The Stralsund ship lift reportedly breaks all records, as nowhere in the world is there a lifting and lowering facility on a larger scale than this 754 x 115 ft. (230 m x 35 m) lift. Equally impressive is its power, which enables it to raise and lower a ship of up to 20,700 tons to a maximum of 36 ft. (11 m) without difficulty, the Maersk Valencia in December 1999, serving as an example.
The bow of the oceangoing giant peers out of the 36 ft. (75 m) high shipyard bay, its steel hull follows: the Maersk Valencia, a 682 ft. (208 m) containership, edges slowly forward. On 432 wheels, a strange vehicle trundles along the rails like a steel centipede, at two meters a minute. It takes just three hours for the train to make its 280 m journey after which it stands on the largest ship lift in the world, waiting to be immersed.
The men in the 20-person shift routinely carry out the final tasks. Working with the ground crew, they make bow and stern fast starboard and port. The ship will be held vertical by four steel cables once it is afloat. And making sure that gets back into the water in two hour's time are the project leader and two employees of Hydraudyne Systems & Engineering (S&E), Rexroth's Dutch subsidiary. The company built the lift and is therefore responsible for the computer-controlled lowering.
To release the ship, the lift rises four centimeters to disengage the 204 twistlocks. A few minutes later it goes down at a speed of 15 cm a minute. This time there are 12,800 tons on the lift and the transfer system, which must be immersed using the power supplied by its 100 electric servomotors, weighs 900 tons. Incidentally, the ocean giant's "taxi" consists of 54 bilge block bearers (steel girders), the chassis, 108 hydraulic motors and the HGV-size hydraulic supply unit. "As clumsy as it all looks", explained shipyard head Detlef Grigo, "this co-operative project between the Norwegian Rexroth and Hydraudyne S&E is the most modern transfer system in the world."
With this mass of metal it is amazing how silently the electric servomotors, 50 on the right and 50 on the left of the dock, work.
"They are essentially modern differential pulley blocks," says engineer Hans Hozeman, the Hydraudyne manager in charge. The platform is put into operation by 100 electric servomotors (Rexroth Indramat), five-stage planetary gearing (Lohmann + Stolterfoht) and a cable pull system with winch drums and headwheels. The steel rope runs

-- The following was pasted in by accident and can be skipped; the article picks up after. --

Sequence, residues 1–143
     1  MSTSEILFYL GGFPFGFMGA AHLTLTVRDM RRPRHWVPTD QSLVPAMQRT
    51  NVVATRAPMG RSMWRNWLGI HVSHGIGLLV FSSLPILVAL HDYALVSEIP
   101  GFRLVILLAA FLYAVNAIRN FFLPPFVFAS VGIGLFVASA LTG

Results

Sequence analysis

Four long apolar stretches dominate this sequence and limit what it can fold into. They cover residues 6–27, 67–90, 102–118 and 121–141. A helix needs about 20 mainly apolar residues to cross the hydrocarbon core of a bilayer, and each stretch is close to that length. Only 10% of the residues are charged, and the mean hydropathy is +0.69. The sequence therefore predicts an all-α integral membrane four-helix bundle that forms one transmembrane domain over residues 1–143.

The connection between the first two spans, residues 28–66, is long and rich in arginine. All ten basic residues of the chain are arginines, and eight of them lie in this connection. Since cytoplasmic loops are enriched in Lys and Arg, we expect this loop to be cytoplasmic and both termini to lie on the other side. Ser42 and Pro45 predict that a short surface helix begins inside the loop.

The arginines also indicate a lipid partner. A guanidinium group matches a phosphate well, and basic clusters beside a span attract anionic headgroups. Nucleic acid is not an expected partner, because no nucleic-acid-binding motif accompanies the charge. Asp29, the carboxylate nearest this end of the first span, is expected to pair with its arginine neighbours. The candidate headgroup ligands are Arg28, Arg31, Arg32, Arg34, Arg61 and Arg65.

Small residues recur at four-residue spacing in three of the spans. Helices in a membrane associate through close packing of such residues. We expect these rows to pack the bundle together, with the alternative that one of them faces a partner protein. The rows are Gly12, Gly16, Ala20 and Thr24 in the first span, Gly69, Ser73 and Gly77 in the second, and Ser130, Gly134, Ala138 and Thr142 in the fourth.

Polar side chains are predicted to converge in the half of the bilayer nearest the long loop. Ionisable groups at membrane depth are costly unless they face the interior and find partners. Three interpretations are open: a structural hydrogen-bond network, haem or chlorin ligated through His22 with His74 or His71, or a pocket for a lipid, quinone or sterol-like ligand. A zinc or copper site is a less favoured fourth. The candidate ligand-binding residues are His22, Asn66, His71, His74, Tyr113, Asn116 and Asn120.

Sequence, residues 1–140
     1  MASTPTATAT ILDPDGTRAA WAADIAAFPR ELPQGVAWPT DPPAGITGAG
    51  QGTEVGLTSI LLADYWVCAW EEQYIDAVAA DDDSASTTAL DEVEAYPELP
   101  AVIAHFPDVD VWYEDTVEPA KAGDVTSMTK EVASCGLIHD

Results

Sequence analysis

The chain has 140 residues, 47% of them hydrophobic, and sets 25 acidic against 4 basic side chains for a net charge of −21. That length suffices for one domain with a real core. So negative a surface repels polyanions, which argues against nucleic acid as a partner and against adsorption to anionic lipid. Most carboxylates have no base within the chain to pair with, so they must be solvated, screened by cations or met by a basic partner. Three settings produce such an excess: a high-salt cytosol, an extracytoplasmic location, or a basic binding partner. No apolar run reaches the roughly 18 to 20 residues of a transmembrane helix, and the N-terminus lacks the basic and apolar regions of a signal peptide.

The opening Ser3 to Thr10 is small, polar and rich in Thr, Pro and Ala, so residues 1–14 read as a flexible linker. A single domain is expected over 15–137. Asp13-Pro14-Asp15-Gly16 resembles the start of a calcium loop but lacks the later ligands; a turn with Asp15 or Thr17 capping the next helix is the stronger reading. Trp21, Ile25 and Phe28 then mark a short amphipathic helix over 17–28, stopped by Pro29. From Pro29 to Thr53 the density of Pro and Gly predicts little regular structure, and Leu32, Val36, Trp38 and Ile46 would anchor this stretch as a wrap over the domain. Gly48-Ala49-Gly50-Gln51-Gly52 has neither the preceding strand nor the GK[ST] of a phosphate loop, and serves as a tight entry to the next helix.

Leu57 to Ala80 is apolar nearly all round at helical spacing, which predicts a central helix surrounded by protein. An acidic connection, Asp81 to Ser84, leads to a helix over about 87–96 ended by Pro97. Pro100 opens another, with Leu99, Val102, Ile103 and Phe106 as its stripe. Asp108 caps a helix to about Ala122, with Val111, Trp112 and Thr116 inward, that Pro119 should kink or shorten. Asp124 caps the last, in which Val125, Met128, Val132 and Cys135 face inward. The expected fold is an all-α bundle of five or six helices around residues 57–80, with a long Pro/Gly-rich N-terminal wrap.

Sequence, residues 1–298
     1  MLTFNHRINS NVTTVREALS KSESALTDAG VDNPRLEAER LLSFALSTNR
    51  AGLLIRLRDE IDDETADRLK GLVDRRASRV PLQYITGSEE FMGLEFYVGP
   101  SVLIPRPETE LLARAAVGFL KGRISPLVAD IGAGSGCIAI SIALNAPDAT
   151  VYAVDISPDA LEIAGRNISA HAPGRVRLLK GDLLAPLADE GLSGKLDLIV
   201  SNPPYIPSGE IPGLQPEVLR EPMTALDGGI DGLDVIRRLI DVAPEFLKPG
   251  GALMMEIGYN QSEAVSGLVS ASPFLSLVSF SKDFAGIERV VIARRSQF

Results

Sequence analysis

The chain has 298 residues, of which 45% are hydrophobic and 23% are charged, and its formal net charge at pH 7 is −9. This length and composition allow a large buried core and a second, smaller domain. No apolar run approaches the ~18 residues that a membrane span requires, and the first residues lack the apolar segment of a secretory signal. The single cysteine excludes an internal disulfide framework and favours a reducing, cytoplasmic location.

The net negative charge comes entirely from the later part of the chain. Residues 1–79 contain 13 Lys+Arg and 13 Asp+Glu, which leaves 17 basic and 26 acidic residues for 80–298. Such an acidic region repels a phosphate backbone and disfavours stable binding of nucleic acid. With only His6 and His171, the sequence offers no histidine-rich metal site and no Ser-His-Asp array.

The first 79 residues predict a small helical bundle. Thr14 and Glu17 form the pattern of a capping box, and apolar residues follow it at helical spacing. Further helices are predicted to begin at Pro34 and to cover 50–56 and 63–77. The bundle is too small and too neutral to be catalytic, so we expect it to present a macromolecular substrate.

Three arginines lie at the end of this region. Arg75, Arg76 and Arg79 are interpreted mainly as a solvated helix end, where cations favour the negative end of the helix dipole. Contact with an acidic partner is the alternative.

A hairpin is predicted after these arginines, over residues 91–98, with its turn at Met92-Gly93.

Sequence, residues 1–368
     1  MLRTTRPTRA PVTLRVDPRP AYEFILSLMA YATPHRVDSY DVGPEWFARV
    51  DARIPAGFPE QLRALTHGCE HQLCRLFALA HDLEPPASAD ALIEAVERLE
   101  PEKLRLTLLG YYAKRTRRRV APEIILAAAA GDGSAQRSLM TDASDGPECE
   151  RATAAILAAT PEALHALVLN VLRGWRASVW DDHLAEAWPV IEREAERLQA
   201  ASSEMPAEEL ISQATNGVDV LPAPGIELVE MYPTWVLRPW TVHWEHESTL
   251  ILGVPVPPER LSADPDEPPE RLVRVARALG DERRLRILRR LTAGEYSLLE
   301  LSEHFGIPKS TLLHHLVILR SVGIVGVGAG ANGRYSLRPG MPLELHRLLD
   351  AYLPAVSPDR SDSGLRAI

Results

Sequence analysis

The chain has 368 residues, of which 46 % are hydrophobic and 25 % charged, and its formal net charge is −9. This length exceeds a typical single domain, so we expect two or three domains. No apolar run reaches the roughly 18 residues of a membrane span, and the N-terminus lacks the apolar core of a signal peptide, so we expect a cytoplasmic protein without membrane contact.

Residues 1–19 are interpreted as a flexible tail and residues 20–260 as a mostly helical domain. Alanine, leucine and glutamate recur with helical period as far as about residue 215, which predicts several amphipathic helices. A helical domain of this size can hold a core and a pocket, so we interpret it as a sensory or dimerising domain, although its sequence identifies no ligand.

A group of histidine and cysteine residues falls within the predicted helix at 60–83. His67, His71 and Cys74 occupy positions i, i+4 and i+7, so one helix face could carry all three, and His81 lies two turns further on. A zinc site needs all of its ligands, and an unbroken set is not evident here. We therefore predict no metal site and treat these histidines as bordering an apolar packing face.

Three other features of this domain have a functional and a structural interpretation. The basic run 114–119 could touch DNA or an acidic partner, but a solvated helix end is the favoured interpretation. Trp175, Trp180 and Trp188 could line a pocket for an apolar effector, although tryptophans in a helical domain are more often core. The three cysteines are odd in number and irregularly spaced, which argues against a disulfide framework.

over the massive winches that are standing on firm ground close to the platform, on the left and the right. "With this technology we can control to an accuracy of one tenth of a millimeter,” explains Hozeman.
Synchronization is Vital
The precision of the Hydraudyne S&E system becomes obvious as the Baltic flows evenly and silently over the platform. A synchronized performance, because all the ship lift data
and control parameters are continuously reported during immersion and converted into signals by the central computer, to ensure that the lift is lowered smoothly and evenly.
"All winch signals are converted into light signals and then fed into the control center. Control PCs process this information. The result becomes visible," comments Hozeman on the synchronization efficiency. If sensors or even a motor should fail, the system switches off immediately.
The lift stops at a depth of 2.5 meters for the scheduled leak test. The integrity of hoses and seals is checked. The sink-down recommences after half-an-hour, until the ship is afloat.
The so-called "swimming out" is handled by a tug. It pulls the ocean giant slowly out of the dock. Two special HGVs on the right and left of the lift shaft move forward with the ship at the same speed. They hold under tension the two steel cables made fast on the stern. This prevents movement of the 12,800-ton vessel.
An electronic eye at the center of the stern monitors the balancing act. The ship has scarcely reached open water before three tugs tow it to the quay. The "steamer's" superstructures will be completed there and after a total of three months' construction (commencement of assembly of the ship's hull) the ship is ready for the vast freedom of the ocean.
Since it was established on June 15, 1948 almost 1,600 ships have left the shipyard in Stralsund, and currently five or six new ones
are built each year. In 1990 the company added ferries, dredgers, containerships
and special-purpose vessels to its fishing trawler product range. In the middle of 1997 Hydraudyne S&E completed the Stralsund ship lift in 20 months.
The company was certified to DIN ISO 9001
in 1999. The shipbuilding assembly bay was erected in 1997/98. At 98 x 354 x 243 ft. (300 x 108 x 74 m) — it is one of the largest in the world.
Last year it received the "European Structural Steel Award 1999" from the European Structural Steel Convention. Volkswerft Stralsund currently has 1,200 employees and its order books are full until 2001. A (230 m) ship will take to the water for the first time in Stralsund during mid-2001.
Rexroth — The Drive & Control Company — with 20,850 employees achieved a turnover of about $2.2 billion (more than DM 5 billion) in 1999. With mobile hydraulics, industrial hydraulics, gear technology, automation technology and foundry work the company provides solutions for driving, controlling and moving in 78 countries throughout the world.